for step by step instructions.
Build A Kit
A disaster can happen anywhere you live and work. Once it happens it may take days or even weeks for responders to reach you, and you may have to go without food, water, or electricity. Build an emergency kit with two weeks supply of food, water and other necessary supplies for your home. Build a smaller kit for you car, work, and even your child's backpack. Include items such as a water bottle, snack, flashlight, whistle, emergency blanket, wipes, hand sanitizer, and a family picture. Think about the items that would make you feel more comfortable in an uncomfortable situation. The American Red Cross is a good source for emergency kit items
Be 2 Weeks Ready
For many years, emergency management officials have talked about the importance of being prepared for 72 hours. But recent disasters have shown us that it may take days or even weeks for first responders and resource support to reach disaster affected communities. So while 72 hours is a good place to start, the goal should now be 2 weeks ready. Oregon Office of Emergency Management developed the 2 Weeks Ready campaign to encourage people to be prepared to be on their own for two weeks. For more information, please visit the 2 Weeks Ready
webpage or the Oregon Office of Emergency Management YouTube channel
Being prepared for disasters and emergencies can seem like a big job. Many people don't know where to start, so they never start at all. The Do 1 Thing
organization can help you take small steps that make a big difference in an emergency.
Do 1 Thing
is a 12-month program that makes it easy for you to prepare yourself, your family, and your community for emergencies or disasters. The concept entails doing "1 thing" each month so that by the end of the year, you have a complete emergency plan. The program breaks emergency planning down into small and easy steps to help alleviate the stress of doing everything at once. Once you have finished the program, you can go back and update what you have already completed.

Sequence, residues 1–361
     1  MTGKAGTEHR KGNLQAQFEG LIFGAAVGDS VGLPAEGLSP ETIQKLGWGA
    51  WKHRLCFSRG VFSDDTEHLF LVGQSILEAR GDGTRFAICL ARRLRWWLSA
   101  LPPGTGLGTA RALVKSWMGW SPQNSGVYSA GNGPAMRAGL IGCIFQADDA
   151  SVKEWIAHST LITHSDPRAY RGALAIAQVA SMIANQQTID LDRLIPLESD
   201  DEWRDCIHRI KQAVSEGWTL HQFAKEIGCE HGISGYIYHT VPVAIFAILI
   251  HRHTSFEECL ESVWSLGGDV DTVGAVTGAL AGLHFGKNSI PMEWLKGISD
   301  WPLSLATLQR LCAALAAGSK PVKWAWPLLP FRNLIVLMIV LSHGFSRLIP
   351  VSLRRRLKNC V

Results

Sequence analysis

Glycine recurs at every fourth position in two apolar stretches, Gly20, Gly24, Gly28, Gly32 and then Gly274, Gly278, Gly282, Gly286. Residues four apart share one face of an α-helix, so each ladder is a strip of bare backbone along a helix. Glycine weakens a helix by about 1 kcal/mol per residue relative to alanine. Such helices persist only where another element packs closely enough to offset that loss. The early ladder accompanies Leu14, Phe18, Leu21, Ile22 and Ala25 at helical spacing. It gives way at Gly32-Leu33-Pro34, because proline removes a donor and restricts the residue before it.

Beaverton School District has a special opportunity—perhaps even a responsibility. Our
community approved a very large capital construction bond program in 2014 that
includes building three brand new school buildings and replacing four more. In order to
better support our community during an emergency, our District has determined that we
should build these seven schools to exceed building code requirements in certain critical
aspects in order to respond to the Oregon Seismic Safety Policy Advisory
Commission's Oregon Resilience Plan
. Operating within a very
compressed timeframe to keep our projects on schedule and within constrained budgets,
we launched an effort to translate the concepts of the Plan for BSD's first two schools into
design criteria for our architects and engineers.
The Beaverton School District Resilience Plan Report
summarizes our efforts and provides the conclusions we reached. It is
imperfect, and will only affect seven of our 50 schools and only seven of the 1,200 public
schools in Oregon. But we must start somewhere, with the hope that Oregon has decades
to build many new schools and other public buildings before the mega-earthquake strikes.
Beaverton School District hopes that publishing this report and sharing our work will provide a beginning framework for creating a new standard for
resilient school buildings.